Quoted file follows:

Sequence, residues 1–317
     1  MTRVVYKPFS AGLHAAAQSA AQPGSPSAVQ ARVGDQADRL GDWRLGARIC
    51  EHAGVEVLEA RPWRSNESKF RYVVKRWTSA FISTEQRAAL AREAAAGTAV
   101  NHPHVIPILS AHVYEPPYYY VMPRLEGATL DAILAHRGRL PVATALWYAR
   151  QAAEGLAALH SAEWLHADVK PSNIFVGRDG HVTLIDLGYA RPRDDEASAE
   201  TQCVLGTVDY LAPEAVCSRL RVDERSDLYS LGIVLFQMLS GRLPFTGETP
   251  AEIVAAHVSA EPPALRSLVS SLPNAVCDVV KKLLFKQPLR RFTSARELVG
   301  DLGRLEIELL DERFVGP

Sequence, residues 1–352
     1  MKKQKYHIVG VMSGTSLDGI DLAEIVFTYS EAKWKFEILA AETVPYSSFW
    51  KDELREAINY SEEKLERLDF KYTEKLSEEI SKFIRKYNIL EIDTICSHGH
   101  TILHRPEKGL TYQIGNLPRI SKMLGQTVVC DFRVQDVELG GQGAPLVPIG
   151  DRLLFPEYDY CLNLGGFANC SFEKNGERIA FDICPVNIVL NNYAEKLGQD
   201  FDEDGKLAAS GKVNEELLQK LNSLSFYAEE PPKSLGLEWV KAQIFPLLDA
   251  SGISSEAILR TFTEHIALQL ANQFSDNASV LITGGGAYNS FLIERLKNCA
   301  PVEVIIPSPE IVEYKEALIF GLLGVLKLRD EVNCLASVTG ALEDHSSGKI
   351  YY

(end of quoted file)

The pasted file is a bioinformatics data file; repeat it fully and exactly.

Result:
Sequence, residues 1–317
     1  MTRVVYKPFS AGLHAAAQSA AQPGSPSAVQ ARVGDQADRL GDWRLGARIC
    51  EHAGVEVLEA RPWRSNESKF RYVVKRWTSA FISTEQRAAL AREAAAGTAV
   101  NHPHVIPILS AHVYEPPYYY VMPRLEGATL DAILAHRGRL PVATALWYAR
   151  QAAEGLAALH SAEWLHADVK PSNIFVGRDG HVTLIDLGYA RPRDDEASAE
   201  TQCVLGTVDY LAPEAVCSRL RVDERSDLYS LGIVLFQMLS GRLPFTGETP
   251  AEIVAAHVSA EPPALRSLVS SLPNAVCDVV KKLLFKQPLR RFTSARELVG
   301  DLGRLEIELL DERFVGP

Sequence, residues 1–352
     1  MKKQKYHIVG VMSGTSLDGI DLAEIVFTYS EAKWKFEILA AETVPYSSFW
    51  KDELREAINY SEEKLERLDF KYTEKLSEEI SKFIRKYNIL EIDTICSHGH
   101  TILHRPEKGL TYQIGNLPRI SKMLGQTVVC DFRVQDVELG GQGAPLVPIG
   151  DRLLFPEYDY CLNLGGFANC SFEKNGERIA FDICPVNIVL NNYAEKLGQD
   201  FDEDGKLAAS GKVNEELLQK LNSLSFYAEE PPKSLGLEWV KAQIFPLLDA
   251  SGISSEAILR TFTEHIALQL ANQFSDNASV LITGGGAYNS FLIERLKNCA
   301  PVEVIIPSPE IVEYKEALIF GLLGVLKLRD EVNCLASVTG ALEDHSSGKI
   351  YY